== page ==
Back then, the migraines had gotten so bad they left her speaking in tongues and seeing visions, seeing people that were not, no, could not be there. Still, she had been migraine free for almost ten years now. This was probably just tiredness. Lowering her fingers, she turned to draw back her bedclothes. 

The pain flared. A shadow moved in the corner of her eye. Vague and blurry. Heading for the door behind her. Sucking a gasp, she spun to get a better look. Saw nothing but the door locked and latched. 

The pain faded but didn’t vanish completely. She blinked in the dark but saw nothing now. 

Skin crawling, but convincing herself she was overreacting, she turned back to the bed. As she reached for covers again, she sensed a movement in the dark behind her. And a sound. Like a footstep on the laminate floor. 

She froze. The pain in her brow throbbed. A scent lingered in the air, faint, and ephemeral. It smelt like the ghost of a memory. It was the smell of sweat and sun-cream. Fists clenched tight, Lily turned and peered into the darkness behind her. 

“Dad?” she whispered. 

Her voice broke the silence. The pain disappeared and the feint scent vanished. Lily stood in the dark, heart trembling, breathing quickly, two questions consuming her thoughts. 

Had she imagined that sense of movement, the footstep, the ghostly smell? Or were the migraines, and the visions that came with them, starting again? 


Authors Bio

Gary Kruse is a writer of thriller and horror fiction about people on the edge of society struggling to find who they are, where they come from and where they’re going. He has won and been shortlisted for several short story competitions and his debut novel, Badlands is an Amazon bestseller.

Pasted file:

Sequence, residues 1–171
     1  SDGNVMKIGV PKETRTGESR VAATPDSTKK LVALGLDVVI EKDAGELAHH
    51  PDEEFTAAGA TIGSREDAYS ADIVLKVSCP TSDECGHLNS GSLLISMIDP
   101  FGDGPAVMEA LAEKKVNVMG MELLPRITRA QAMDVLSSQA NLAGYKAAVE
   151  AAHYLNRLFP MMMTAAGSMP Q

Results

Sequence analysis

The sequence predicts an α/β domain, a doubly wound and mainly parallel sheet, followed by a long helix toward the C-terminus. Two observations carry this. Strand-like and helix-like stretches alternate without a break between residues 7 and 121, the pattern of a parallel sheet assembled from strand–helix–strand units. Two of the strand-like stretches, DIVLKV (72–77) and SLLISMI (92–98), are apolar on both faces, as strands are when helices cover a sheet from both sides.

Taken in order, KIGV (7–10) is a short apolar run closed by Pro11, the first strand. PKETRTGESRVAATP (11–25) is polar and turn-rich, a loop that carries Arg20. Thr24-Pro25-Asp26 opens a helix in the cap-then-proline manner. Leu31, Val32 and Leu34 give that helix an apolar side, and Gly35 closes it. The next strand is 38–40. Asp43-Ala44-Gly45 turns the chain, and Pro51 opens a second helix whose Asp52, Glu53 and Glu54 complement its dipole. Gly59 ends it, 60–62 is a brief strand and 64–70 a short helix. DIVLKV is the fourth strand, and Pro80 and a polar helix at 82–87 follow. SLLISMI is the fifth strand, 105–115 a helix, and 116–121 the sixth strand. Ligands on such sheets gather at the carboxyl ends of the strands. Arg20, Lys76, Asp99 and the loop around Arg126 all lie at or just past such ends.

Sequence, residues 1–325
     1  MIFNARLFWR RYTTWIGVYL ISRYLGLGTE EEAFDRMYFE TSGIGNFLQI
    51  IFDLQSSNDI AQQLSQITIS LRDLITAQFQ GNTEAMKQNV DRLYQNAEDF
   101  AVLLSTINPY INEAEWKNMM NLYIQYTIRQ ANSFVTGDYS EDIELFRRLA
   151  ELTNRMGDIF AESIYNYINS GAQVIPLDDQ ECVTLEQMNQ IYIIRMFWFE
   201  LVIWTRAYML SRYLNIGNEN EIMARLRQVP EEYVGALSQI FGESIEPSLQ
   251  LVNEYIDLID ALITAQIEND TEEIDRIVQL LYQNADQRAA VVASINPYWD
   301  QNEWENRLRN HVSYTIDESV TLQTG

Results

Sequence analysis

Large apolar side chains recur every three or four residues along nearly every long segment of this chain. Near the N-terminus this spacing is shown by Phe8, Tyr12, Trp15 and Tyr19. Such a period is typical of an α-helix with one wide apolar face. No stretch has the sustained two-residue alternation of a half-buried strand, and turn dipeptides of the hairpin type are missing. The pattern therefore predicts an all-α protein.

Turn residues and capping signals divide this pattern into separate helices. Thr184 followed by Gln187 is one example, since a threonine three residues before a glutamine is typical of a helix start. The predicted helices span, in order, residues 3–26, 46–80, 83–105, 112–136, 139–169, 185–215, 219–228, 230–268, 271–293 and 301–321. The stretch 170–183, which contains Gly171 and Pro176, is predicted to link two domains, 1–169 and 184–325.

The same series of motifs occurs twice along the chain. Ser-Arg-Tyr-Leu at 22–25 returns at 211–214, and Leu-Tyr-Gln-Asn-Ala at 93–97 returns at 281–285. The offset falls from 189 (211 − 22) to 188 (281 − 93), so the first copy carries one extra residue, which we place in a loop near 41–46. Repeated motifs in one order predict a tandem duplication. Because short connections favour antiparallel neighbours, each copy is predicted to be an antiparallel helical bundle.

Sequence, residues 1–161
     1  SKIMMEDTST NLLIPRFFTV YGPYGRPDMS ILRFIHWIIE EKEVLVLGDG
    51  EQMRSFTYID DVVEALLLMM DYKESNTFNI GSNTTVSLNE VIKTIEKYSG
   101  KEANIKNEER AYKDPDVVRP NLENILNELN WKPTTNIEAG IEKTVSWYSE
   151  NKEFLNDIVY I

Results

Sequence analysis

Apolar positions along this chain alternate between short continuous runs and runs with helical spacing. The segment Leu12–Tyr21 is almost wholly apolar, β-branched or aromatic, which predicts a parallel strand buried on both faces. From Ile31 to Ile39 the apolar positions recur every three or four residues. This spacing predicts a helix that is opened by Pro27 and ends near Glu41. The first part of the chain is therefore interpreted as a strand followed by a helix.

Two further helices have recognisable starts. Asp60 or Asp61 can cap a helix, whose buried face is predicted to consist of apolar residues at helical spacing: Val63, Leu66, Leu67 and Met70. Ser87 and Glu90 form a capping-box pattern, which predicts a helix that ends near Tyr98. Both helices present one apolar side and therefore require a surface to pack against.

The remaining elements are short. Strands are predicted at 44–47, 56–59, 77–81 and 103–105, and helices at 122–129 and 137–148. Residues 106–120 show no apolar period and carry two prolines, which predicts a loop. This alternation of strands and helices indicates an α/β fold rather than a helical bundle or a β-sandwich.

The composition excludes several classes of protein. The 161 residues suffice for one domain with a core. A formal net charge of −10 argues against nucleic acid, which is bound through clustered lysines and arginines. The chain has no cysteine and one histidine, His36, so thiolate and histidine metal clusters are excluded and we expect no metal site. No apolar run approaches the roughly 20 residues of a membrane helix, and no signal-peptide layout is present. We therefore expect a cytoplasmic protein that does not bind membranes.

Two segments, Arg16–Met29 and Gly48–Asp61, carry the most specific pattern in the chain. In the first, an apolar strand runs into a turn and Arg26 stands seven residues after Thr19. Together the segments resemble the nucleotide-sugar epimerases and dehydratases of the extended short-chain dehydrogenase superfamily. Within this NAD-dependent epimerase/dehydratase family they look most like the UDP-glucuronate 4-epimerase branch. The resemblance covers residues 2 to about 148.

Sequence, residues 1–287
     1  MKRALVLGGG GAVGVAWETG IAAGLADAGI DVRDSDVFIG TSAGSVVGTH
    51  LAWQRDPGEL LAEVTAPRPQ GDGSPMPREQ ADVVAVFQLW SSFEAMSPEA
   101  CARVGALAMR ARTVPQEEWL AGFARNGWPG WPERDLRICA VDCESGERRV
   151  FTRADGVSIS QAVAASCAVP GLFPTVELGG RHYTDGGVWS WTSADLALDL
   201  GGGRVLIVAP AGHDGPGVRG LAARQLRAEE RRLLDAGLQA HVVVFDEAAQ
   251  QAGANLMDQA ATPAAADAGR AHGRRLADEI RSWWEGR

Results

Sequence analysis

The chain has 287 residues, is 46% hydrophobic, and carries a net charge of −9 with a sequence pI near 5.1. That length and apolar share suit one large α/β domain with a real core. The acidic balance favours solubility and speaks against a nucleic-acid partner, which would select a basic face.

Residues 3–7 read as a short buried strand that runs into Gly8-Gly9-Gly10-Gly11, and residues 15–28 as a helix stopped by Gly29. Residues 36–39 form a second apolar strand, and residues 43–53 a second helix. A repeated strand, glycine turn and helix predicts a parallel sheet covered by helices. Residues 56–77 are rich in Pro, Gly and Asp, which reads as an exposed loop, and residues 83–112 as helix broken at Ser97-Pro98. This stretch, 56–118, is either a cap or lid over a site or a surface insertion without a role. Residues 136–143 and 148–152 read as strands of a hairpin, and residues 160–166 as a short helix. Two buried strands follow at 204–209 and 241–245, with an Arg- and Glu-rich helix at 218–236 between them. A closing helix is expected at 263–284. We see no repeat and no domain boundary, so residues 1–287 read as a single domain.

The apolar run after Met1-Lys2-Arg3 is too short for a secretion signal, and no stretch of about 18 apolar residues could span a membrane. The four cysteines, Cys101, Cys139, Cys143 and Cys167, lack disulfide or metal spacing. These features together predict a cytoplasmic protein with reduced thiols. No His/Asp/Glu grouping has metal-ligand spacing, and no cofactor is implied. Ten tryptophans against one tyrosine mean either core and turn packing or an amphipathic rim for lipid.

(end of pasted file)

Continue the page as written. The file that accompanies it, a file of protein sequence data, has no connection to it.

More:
Bleak Waters is his second novel. 


Bleak Waters:

Author Website:





The Sacred Dog

A Good Guy: Frank Hooker

Yes, Frank Hooker may be a good guy, but he’s also a flawed one in my new book, The Sacred Dog, which is out Dec. 27. That’s what makes him a realistic character in my mind. Let me tell you more.

Frank owns The Sacred Dog, the only bar in Holden, a small, hick town in Western Massachusetts, where the locals like to drink beer and gab about what’s going on in their lives and their neighbors’. He’s a local himself since his family has lived there for generations.

He’s the kind of guy that will greet you with a smile and a welcoming word. He’ll toot his pickup’s horn when he passes somebody he knows. Frank would stop if he saw someone whose car was broken down on the side of the road. If a family in town has a tragedy like a fire or illness, he’d be the first to give. And he’s the type to take in a stray dog and name his bar for the animal.